Gareth John explains what you need to do to score the marks on the
narrative written tasks you need to get that pass.
Level 4 is the final hurdle that AAT students face before they earn a qualification that can have a dramatic impact on their career. A qualification that is so valuable and well recognised is going to be challenging, particularly at the last level. As I often say: “Nothing worthwhile is easy, and nothing easy is worthwhile!”
One particular aspect that students tend to find difficult are the narrative written tasks that are introduced at Level 4, and the Management Accounting: Decision and Control assessment is no exception.
In the Decision and Control assessment, students might be asked to explain a few variances in the context of a scenario. Many students will answer this sort of written question with a detailed explanation of how to calculate each of the variances mentioned, to which my first thought is, “Why are you telling me this? I know you can calculate variances”.
In the assessment you will already have been asked to calculate variances in another task.
These sort of numerical tasks are automatically marked by the exam software as it’s easy to identify if the number entered is correct or not.
So why would the AAT pay real human markers (which are expensive) just to test students again to see if you can calculate variances? Why would they waste a second task in the assessment testing the same knowledge?
The answer is that they don’t and they won’t! You have to ensure that your answer demonstrates to them the additional knowledge that they want you to show, not simply repeating knowledge you have already proved you have.
So what should you do?
In the written questions on variances you will need to be able to calculate some variances, but the figures themselves are not what the marker is going to be interested in. They will be looking for you to suggest what might have caused the variances, and what effect they will have on the business. You need to demonstrate a thorough understanding of how variances can improve the way we run the business.
So, for example if you calculate that the labour rate variance for a company is adverse, you need to be able to suggest possible causes for this. Sometimes the detail of the scenario will allow you to identify a possible cause, but sometimes it won’t. If it doesn’t give you any clues you need to suggest possible causes. You don’t need any proof to back it up, it just needs to be sensible.
Looking at our adverse labour rate variance scenario, the first step is to understand clearly what this variance means. The labour rate variance shows the difference between the actual labour rate paid per hour compared to the standard that was expected. An adverse labour rate variance means that we actually paid more per hour than anticipated. This is why you can’t just learn how to calculate variances by rote, without knowing what they are actually showing. Knowing exactly what each variance shows about the business will greatly help you in answering the written questions with relevant points.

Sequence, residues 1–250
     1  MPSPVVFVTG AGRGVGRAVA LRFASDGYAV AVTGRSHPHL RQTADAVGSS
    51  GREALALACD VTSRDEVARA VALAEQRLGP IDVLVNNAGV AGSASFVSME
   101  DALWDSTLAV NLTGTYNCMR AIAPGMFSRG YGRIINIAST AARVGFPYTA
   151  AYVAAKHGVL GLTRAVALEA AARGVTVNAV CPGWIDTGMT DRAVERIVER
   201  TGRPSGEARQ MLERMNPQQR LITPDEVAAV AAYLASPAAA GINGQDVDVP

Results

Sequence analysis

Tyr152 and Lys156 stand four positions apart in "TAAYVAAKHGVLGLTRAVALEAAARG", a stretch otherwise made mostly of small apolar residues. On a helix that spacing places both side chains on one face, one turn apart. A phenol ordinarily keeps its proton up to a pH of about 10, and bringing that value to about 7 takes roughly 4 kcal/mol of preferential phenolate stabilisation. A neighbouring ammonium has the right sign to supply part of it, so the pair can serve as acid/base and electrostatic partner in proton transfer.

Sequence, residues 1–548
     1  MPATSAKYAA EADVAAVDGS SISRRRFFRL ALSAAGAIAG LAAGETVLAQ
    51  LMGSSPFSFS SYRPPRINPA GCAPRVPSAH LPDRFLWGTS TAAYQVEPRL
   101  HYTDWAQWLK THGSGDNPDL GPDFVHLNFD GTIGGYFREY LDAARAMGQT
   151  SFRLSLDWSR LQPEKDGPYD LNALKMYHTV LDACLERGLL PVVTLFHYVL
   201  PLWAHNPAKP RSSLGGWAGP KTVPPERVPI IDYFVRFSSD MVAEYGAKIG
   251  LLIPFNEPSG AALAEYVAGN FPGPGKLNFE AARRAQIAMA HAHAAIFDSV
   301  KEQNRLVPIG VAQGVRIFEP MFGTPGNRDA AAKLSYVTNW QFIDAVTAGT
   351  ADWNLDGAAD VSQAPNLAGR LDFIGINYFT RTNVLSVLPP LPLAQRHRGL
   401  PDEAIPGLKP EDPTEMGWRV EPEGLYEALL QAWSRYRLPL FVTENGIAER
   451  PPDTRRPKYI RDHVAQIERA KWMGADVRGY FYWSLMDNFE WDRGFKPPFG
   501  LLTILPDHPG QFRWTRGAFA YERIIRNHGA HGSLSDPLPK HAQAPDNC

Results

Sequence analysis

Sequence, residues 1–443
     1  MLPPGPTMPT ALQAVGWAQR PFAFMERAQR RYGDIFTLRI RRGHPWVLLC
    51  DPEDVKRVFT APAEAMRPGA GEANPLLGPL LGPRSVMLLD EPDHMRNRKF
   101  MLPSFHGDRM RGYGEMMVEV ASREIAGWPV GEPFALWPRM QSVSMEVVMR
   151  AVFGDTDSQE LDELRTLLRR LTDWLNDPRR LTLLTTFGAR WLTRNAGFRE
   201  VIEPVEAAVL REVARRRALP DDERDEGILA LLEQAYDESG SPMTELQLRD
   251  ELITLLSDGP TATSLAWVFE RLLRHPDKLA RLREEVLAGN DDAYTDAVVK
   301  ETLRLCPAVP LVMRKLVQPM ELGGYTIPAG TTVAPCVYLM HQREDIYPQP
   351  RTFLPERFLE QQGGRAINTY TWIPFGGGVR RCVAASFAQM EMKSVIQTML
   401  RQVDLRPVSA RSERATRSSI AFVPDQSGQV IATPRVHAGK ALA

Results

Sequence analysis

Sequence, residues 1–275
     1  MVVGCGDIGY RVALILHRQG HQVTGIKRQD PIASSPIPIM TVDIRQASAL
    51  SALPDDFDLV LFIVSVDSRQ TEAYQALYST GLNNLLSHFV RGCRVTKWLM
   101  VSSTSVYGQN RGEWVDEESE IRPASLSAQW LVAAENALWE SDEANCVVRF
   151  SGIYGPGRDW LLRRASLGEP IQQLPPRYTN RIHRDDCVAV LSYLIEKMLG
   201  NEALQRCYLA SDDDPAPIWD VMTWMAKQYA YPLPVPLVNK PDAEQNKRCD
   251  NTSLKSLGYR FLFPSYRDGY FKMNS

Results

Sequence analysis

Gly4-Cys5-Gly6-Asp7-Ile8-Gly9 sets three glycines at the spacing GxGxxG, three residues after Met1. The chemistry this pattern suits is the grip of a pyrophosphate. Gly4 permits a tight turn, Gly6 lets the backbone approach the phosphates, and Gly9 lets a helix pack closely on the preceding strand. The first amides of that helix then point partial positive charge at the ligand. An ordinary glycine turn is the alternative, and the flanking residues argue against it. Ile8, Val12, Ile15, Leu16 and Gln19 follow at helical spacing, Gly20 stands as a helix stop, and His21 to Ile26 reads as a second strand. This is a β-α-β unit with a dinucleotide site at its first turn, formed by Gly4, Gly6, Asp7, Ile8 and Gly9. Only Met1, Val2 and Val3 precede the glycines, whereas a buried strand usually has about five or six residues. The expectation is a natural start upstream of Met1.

So, if the labour rate variance is adverse, you don’t want to say that you employed cheaper labour as this is clearly is wrong; this would in fact cause a favourable variance. A more appropriate answer could be that you had to pay for overtime working during the period. You need to assume the marker doesn’t know that overtime is often paid at a premium so you need to state this fact in your answer.
While it is obvious to you and you may think it ‘goes without saying’, it would earn you valuable marks in your answer. It could also be that you have employed more experienced, highly-trained staff who are paid at a higher rate per hour than normal workers. You don’t need to know this for certain, it just needs to be a sensible, possible cause for an adverse labour rate.
How do you get top marks?
If you are looking for top marks in the written questions and that elusive Distinction grade, you can add real value to your answer by linking variances to each other. Showing these sorts of inter-relationships will really excite the markers!
For example, if the adverse labour rate variance is because you did employ more experienced, highly-trained staff you would probably expect them to work faster. This means that the labour efficiency variance is likely to be favourable.
You do, however, need to look at the bigger picture, and consider what the overall net effect is. If the labour efficiency variance is £500 favourable but the labour rate variance is £700 adverse, the overall profit will be down by £200.
The move to recruiting better workers might not have been worthwhile.
Finally, don’t just assume that if overall costs are up profit is definitely down. If a business uses better labour or better materials this may mean that the quality of the product is better.
This could mean that the selling price charged is higher than expected so that the extra costs might be offset by extra revenue.
The Decision and Control exam is not easy so you want to get as many marks from the written questions as possible! Make sure you practise questions that force you to identify and explain these sorts of commercial insights.
• Gareth John is chief executive of First Intuition Cambridge